Watch your favorite news channel or read your favorite newspaper, and you will understand how important this profession is. The college major of Journalism and / or Broadcasting is only for those who wish to find the truth of any given situation. In fact, those who do it well have an opportunity to have the most positive impact on their world. As a true journalist, you will have to be unbiased, unflinching, and realize that everything you say is going to the public for mass consumption.
"Journalists find sources, conduct interviews and gather the information needed to produce informative and interactive news, feature stories and documentaries for TV, podcasts, radio, mobile applications, digital and print media. You can even select a minor and choose electives to specialize in certain areas, such as sports or politics."
(Provided By: Quinnipiac University)
"The 65,000-square-foot building has computer laboratories for audio, video, design, writing, web publishing, and a resource center. The building also is home to offices of the Iowa High School Press Association, the Quill and Scroll Society, the University’s award-winning student newspaper, The Daily Iowan, and DITV, a student run newscast."
(Provided By: The University of Iowa)
"At Medill, reporting and writing are just the start. You'll experiment with emerging media, explore global journalism and prepare not only to work in a changing media world but to lead it. We believe in learning by doing. Whether you are passionate about social justice, politics, global affairs, entrepreneurship, technology, the arts or sports, you'll have the chance to develop those passions into expertise."
(Provided By: Northwestern University)
"All students are required to participate in an internship before they graduate and study in another field to broaden their breadth of knowledge. We offer a network of internships and co-ops with numerous large- and small-market media outlets."
(Provided By: SUNY-Oswego)
"As new technologies emerge and society continues to shift, people are consuming news and information faster than ever before. The best communications professionals navigate this evolving field by creating meaningful content for diverse audiences and media platforms. Guided by faculty with decades of media experience, communications students at Bowie State study in one of four areas of interest: Broadcast Journalism, Emerging Media, Print Journalism or Public Relations."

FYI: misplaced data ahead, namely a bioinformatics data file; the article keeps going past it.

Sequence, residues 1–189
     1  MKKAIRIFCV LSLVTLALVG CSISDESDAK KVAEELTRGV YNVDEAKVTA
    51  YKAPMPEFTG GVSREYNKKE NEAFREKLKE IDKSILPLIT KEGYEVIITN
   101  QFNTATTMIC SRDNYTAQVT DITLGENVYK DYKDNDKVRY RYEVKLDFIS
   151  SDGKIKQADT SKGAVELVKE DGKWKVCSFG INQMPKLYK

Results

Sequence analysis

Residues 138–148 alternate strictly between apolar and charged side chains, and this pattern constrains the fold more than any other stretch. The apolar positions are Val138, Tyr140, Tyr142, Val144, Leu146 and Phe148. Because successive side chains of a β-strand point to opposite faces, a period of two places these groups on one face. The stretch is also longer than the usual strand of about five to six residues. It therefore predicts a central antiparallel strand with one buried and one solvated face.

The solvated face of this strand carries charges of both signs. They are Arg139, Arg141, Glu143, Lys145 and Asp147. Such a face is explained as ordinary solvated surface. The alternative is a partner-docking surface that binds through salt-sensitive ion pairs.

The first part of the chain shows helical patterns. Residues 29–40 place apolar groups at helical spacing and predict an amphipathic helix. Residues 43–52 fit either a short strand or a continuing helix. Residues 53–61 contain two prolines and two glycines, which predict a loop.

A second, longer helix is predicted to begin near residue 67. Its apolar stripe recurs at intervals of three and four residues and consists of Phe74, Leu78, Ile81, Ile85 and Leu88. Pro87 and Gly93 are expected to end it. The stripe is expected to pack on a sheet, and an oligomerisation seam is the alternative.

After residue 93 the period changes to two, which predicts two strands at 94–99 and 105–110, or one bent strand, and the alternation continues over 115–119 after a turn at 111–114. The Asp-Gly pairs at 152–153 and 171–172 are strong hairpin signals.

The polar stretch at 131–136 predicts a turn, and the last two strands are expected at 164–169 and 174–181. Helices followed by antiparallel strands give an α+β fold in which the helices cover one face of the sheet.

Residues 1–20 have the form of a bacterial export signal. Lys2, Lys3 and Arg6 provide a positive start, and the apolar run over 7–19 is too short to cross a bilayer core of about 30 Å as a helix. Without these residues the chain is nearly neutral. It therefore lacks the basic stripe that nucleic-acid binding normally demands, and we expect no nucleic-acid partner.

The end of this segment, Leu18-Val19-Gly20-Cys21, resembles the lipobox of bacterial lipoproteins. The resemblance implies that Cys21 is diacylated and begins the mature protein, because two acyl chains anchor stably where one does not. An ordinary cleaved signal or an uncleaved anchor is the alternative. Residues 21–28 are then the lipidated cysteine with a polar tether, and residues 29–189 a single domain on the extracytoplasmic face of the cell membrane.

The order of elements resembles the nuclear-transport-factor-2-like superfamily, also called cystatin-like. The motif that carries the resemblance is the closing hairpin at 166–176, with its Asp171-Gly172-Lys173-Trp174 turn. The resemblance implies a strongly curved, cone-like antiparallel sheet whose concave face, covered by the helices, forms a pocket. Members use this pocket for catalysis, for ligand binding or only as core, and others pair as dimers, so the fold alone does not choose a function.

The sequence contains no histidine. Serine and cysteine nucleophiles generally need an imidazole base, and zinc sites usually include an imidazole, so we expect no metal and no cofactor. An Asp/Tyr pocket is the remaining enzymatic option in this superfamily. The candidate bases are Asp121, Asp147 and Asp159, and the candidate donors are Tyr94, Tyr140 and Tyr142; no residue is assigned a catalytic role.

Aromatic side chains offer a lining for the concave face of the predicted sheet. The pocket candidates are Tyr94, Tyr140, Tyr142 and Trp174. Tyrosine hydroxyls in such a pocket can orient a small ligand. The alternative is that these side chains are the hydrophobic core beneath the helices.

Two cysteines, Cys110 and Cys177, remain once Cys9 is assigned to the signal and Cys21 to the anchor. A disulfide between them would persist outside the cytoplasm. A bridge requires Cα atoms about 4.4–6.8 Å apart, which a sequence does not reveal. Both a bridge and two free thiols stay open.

(Provided By: Bowie State University)
"Classes prepare students with the technical and creative skills to tell truthful and meaningful stories across platforms and engage with audiences at multiple levels. Our students take classes that immerse them into on the ground reporting and the ethics and law surrounding the creation and distribution of content. Journalism students also complete an outside concentration, which requires three upper-division courses in an area outside of journalism to build and diversify the knowledge and expertise expected of journalists."
(Provided By: Pepperdine University)
"You will be required to DO JOURNALISM while you are a student, ending your time here with a professional portfolio of work that will help you land that first job after graduation. Our students produce magazine and newspaper articles and photographs, on-air reports for radio and television, documentary films, and online multimedia reports. They win the top awards and scholarships given to college journalists year after year."
(Provided By: The University of Montana)
"Our program offers a rich, diverse variety of journalism electives, from environmental journalism, to entertainment journalism, to fashion journalism – allowing you to select the courses that help you build depth and expertise in areas that match your aspirations."
(Provided By: High Point University)
"As a broadcast and digital journalism student, your studies will focus on learning by doing. You’ll produce live newscasts in a digital studio with the latest equipment. You’ll report from the field. And you’ll learn how to accurately and ethically report the news to a public that’s looking to you for the information they need."
(Provided By: Syracuse University)